This post is the first in a 5-part series that addresses deferred maintenance on higher education campuses and the evolving role facilities managers play in the future of facilities in North America.
Many higher education campuses in the US and Canada have buildings and systems that are well overdue for a major renovation. Unfortunately, these institutions are not investing the necessary capital for the upkeep of these aging facilities. The result is a substantial increase in deferred maintenance — or the postponing of maintenance to save costs or meet budget funding levels.
Higher education campuses are fairly familiar with the convolutions of capital planning. But facilities management and renewal compete for funding resources that have not fully rebounded from the economic downturn of 2007–09. Facilities managers are faced with the added challenge of making the case for a piece of this limited funding. And that’s no easy feat.
The first step is to understand the true cost of deferred maintenance in order to properly address and communicate it to financial stakeholders.
The Three F’s and the Competition for Available Resources
The three largest expenditures for colleges and universities are financial aid, faculty compensation and facilities. Financial aid is a ubiquitous expenditure borne by all educational institutions, as is the cost of retaining quality faculty. Both financial aid and faculty salaries account for a large percentage of a campus budget.
While equally important, the third “F” — facilities — is often left grossly underfunded.
Faculty compensation and financial aid are driving forces that affect enrollment, campus image and more. Unfortunately, it’s the overall lack of funding that has made it difficult for facilities managers to make valuable upgrades and schedule preventive maintenance, thus furthering the issue of aging infrastructure.
Enrollment trends are also causing competition on campuses. Declining or stagnant numbers of high school graduates are affecting college and university enrollments in most parts of the continent. Campuses that have grown space faster than enrollment now have more space to maintain and fewer students to fill it.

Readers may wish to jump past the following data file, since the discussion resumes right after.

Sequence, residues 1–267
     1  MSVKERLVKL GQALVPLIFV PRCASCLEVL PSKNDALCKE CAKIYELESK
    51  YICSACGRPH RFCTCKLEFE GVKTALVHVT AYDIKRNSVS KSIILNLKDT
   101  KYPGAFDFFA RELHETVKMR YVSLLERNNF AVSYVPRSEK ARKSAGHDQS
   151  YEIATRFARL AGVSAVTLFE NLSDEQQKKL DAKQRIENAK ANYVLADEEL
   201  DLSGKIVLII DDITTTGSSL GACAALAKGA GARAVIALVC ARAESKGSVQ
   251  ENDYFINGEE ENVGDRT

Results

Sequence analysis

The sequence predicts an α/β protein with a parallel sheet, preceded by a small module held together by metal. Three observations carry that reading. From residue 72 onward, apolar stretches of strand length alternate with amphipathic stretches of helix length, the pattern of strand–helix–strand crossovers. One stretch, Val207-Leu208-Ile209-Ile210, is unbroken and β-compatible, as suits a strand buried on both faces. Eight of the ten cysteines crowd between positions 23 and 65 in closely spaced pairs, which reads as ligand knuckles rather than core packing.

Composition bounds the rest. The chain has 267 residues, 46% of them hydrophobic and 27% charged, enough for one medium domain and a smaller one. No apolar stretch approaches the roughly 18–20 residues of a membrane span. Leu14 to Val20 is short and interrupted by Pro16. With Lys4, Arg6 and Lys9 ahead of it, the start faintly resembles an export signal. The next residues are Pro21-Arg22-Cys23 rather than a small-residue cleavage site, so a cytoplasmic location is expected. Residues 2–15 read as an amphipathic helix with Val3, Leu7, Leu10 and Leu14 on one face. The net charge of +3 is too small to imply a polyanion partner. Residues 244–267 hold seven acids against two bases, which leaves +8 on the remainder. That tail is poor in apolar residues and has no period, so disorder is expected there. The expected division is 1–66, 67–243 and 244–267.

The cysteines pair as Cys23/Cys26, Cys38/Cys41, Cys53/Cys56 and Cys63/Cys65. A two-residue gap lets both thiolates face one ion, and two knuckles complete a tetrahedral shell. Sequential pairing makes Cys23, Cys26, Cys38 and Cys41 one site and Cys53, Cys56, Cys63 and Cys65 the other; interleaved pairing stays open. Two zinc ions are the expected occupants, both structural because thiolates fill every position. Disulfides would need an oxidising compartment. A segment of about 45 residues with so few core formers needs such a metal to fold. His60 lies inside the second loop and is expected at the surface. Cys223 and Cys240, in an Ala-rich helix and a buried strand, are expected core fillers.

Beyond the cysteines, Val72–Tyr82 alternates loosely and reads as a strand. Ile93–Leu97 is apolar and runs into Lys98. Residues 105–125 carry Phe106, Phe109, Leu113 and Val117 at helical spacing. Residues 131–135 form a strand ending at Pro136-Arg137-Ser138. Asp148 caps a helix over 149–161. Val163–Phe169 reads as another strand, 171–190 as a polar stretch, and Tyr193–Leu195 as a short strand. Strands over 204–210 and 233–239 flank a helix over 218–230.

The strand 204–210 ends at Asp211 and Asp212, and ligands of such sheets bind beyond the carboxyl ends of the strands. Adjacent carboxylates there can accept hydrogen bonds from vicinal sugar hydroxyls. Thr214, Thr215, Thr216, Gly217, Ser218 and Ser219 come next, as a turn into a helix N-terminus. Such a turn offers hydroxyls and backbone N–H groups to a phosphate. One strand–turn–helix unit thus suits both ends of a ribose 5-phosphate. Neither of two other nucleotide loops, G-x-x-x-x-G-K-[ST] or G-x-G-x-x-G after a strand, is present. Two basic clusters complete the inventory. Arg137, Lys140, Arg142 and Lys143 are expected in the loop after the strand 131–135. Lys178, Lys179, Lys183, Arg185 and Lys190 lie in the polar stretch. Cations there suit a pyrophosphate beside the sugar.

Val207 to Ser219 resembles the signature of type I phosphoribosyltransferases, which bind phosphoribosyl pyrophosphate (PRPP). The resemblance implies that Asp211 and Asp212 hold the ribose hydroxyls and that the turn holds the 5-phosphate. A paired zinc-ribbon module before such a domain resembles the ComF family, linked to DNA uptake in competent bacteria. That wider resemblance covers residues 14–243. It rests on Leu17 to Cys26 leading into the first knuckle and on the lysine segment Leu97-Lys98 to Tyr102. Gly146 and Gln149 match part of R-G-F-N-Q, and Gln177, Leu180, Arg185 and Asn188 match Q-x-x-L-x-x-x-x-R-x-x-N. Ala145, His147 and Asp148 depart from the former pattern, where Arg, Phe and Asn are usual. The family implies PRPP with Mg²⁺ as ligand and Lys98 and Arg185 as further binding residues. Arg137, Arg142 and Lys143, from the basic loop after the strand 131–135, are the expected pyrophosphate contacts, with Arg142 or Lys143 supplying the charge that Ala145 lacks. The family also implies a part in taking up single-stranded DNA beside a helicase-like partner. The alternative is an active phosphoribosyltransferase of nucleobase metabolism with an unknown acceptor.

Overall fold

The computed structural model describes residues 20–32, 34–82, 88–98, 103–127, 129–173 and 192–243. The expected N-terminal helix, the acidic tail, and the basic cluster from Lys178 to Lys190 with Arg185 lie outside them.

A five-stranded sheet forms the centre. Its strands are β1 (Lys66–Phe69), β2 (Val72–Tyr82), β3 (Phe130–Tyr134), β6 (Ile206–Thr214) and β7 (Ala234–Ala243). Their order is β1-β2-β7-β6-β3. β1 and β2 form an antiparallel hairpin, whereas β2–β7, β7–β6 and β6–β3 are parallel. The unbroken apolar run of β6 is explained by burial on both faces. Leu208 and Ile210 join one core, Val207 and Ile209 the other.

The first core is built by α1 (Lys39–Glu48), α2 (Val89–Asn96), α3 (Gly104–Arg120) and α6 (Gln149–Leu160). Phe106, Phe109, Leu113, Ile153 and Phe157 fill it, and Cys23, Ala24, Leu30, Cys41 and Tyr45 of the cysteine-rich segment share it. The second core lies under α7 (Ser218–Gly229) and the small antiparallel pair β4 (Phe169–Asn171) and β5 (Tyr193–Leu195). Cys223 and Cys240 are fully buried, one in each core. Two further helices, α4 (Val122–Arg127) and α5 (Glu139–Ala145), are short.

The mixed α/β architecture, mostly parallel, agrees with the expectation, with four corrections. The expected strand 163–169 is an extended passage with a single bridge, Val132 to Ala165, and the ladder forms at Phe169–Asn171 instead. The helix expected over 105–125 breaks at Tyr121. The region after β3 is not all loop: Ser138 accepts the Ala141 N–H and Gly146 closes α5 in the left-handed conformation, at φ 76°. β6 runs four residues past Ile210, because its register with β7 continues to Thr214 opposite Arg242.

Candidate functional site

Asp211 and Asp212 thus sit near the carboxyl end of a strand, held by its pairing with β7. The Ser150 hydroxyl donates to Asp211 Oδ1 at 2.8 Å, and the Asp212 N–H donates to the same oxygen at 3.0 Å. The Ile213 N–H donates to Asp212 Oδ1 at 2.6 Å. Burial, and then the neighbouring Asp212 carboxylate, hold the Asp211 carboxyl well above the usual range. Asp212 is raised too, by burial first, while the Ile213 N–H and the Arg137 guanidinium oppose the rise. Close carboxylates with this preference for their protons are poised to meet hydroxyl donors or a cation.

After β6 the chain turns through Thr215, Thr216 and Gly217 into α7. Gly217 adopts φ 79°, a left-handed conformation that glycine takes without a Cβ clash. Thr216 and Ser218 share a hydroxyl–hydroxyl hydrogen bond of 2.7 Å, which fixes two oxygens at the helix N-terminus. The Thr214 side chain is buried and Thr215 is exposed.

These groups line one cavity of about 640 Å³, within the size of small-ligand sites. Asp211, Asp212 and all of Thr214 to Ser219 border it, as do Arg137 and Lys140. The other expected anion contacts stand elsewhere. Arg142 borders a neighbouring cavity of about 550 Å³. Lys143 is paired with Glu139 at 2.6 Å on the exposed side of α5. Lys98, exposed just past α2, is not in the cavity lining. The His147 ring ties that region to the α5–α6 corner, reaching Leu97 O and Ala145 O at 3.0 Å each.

Conversely, institutions in states like Texas and Utah face unprecedented numbers of new students, many of them first generation college attendees. These institutions require new capital funding to relieve overcrowding.
It’s easy to overlook the effect enrollment can have on the allocation of funds for managing campus facilities. To remain competitive, the college that serves 1,000 students will need to provide the same amenities to attract students and faculty as a university of more than 10,000 students. This adversely effects smaller institutions, which often have higher tuition discounting and a smaller alumni donor base.
The Problem of Deferred Maintenance
The inability to upgrade or regularly service HVAC, roofing or electrical equipment, for example, increases the likelihood that problems will get worse with time. Just about every campus across North America is suffering from a backlog of deferred maintenance, with some being far worse off than others.
The real problem of the maintenance backlog is that deferred costs actually lead to higher costs. That is because less preventive maintenance results in a shorter lifespan for facilities’ systems and more emergency repairs, which are more costly than the planned repair.
While today’s facilities managers face a growing number of challenges in solving the issue of deferred maintenance, communication and useful metrics will play key roles in mitigating the problem.
Much of the initial legwork will come in the form of prioritizing projects to create momentum and forward movement. Facilities managers must take the lead on clearly presenting the problem and effectively communicating it to board members, trustees and decision makers.
The Importance of Remaining Vigilant
Out of economic necessity, campus facility managers have had to defer maintenance on many buildings and building systems. While the year-over-year backlog of renovations and fixes has grown, the available capital has not. But you can only postpone the inevitable for so long.
It’s not all doom and gloom, however, when it comes to our aging campuses. In fact, there are proven ways to effectively address the issue. In the next post of this series, we’ll explore the complexities of the facilities manager role and what steps these individuals can take to chip away at deferred maintenance backlog.
How Sightlines Can Help:
Sightlines leverages independent analysis and rigorous benchmarking to bridge the gap between physical and financial asset strategy for educational institutions throughout North America.
Our ROPA+ process helps higher education institutions to make more informed policy and strategic decisions based on consistent and accurate empirical evidence that is analyzed and refreshed annually.
Contact us to see how we can help you address your aging campus.